Genome Project-Write

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Since the Human Genome Project first sequenced the human genome from 1987 to 2004 at a cost of US$3 billion, costs have fallen precipitously, outpacing even Moore's law, and were ≈US$1,000 in 2015. More widely available genome sequencing has led to more data on variants of uncertain significance.

The Genome Project - Write (also known as GP-Write) is a large-scale collaborative research project (an extension of Genome Projects, aimed at reading genomes since 1984) that focuses on the development of technologies for the synthesis and testing of genomes of many different species of microbes, plants, and animals, including the human genome in a sub-project known as Human Genome Project-Write (HGP-Write).[1][2][3][4][5][6] Formally announced on 2 June 2016, the project leverages two decades of work on synthetic biology and artificial gene synthesis.

The newly created GP-Write project will be managed by the Center of Excellence for Engineering Biology,[7] an American nonprofit organization. Researchers expect that the ability to artificially synthesize large portions of many genomes will result in many scientific and medical advances.[1][2][3][4][5][6]

Microbial Genome Projects - Write[edit]

Technologies for constructing and testing yeast artificial chromosomes (YACs), synthetic yeast genomes (Sc2.0),[8] and virus/phage-resistant bacterial genomes have industrial, agricultural, and medical applications.[2]

Human Genome Project-Write[edit]

A complete haploid copy of the human genome consists of at least three billion DNA nucleotide base pairs, which have been described in the Human Genome Project - Read program (95% completed as of 2004). Among the many goals of GP-Write are the making of cell lines resistant to all viruses and synthesis assembly lines to test variants of unknown significance that arise in research and diagnostic sequencing of human genomes (which has been exponentially improving in cost, quality, and interpretation).[2]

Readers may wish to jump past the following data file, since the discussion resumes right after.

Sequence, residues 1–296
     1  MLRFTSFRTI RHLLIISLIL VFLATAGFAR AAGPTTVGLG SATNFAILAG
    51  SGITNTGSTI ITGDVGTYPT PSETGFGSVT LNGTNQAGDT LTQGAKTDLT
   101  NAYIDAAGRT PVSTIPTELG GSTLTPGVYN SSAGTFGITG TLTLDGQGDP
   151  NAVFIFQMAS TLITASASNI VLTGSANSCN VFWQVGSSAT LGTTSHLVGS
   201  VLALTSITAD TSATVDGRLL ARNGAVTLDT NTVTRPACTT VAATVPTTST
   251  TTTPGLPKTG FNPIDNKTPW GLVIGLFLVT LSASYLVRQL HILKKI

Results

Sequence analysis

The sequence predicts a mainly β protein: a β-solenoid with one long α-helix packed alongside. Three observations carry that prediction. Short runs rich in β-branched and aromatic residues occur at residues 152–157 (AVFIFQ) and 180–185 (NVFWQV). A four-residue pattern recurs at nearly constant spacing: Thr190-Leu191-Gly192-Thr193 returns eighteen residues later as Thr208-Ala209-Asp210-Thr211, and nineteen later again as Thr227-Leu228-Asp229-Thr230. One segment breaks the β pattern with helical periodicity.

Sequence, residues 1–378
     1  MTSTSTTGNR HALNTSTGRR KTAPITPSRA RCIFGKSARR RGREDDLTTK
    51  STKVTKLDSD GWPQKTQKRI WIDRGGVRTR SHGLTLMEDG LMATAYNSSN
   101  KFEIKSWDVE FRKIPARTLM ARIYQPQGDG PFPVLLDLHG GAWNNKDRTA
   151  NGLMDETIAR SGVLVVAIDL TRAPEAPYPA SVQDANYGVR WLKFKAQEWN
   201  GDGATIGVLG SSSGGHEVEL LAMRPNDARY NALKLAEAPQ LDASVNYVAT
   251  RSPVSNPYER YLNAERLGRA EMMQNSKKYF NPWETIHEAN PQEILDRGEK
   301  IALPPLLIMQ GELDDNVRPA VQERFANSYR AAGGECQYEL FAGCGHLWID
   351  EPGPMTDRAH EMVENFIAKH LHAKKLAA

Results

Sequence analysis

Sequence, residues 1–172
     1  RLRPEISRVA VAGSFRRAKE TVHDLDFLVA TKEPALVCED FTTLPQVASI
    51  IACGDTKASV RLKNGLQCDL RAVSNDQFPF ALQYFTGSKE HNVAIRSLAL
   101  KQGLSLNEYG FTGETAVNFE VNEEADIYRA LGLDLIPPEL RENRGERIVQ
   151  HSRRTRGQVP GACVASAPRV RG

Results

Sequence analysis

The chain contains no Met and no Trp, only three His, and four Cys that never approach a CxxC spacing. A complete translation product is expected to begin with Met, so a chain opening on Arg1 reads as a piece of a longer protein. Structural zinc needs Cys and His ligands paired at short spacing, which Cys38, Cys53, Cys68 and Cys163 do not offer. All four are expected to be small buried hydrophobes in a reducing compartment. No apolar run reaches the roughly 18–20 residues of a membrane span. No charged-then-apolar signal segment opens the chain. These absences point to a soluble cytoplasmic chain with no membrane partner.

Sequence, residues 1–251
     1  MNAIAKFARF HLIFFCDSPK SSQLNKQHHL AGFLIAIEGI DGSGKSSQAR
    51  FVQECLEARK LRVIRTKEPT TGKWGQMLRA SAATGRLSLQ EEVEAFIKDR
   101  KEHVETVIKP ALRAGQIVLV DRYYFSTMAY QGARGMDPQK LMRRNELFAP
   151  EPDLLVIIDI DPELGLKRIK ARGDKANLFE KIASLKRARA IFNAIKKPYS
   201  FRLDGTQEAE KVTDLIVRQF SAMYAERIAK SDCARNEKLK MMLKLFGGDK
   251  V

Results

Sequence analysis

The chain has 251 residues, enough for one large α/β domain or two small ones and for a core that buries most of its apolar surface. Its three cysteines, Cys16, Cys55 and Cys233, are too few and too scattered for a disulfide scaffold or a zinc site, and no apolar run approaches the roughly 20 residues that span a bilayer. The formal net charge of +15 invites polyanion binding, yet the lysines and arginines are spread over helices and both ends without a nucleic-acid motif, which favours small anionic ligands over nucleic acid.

See also[edit]


  1. ^ a b Pollack, Andrew (2 June 2016). "Scientists Announce HGP-Write, Project to Synthesize the Human Genome". The New York Times. Retrieved 2 June 2016.
  2. ^ a b c d Boeke, JD, Church G, Hessel A, Kelley NJ, Arkin A, Cai Y, Carlson R, Chakravarti A, Cornish VW, Holt L, Isaacs FJ, Kuiken T, Lajoie M, Lessor T, Lunshof J, Maurano MT, Mitchell LA, Rine J, Rosser S, Sanjana NE, Silver PA, Valle D, Wang H, Way JC, Yang L; et al. (2 June 2016). "The Genome Project–Write". Science. 353 (6295): 126–127. Bibcode:2016Sci...353..126B. doi:10.1126/science.aaf6850. PMID 27256881. Retrieved 2 June 2016.CS1 maint: multiple names: authors list (link)
  3. ^ a b Callaway, Ewen (2 June 2016). "Plan to Synthesize Human Genome Triggers a Mixed Response". Scientific American. Retrieved 2 June 2016.
  4. ^ a b Regalado, Antonio (2 June 2016). "Plan to Fabricate a Genome Raises Questions on Designer Humans". MIT Technology Review. Retrieved 2 June 2016.
  5. ^ a b Akst, Jef (2 June 2016). ""Human Genome Project-Write" Unveiled". The Scientist. Retrieved 2 June 2016.
  6. ^ a b Opal, Puneet; Kini, Ameet (3 June 2016). "The Brave New World of the Synthetic Human Genome". Time. Retrieved 12 June 2016.
  7. ^ "Center of Excellence for Engineering Biology". Retrieved 2 March 2017.
  8. ^ "Synthetic yeast genomes (Sc2.0)". Retrieved 2 March 2017.

Further reading[edit]

  • National Human Genome Research Institute (NHGRI). NHGRI led the National Institutes of Health's contribution to the International Human Genome Project. This project, which had as its primary goal the sequencing of the three billion base pairs that make up human genome, was 95% complete in April 2004.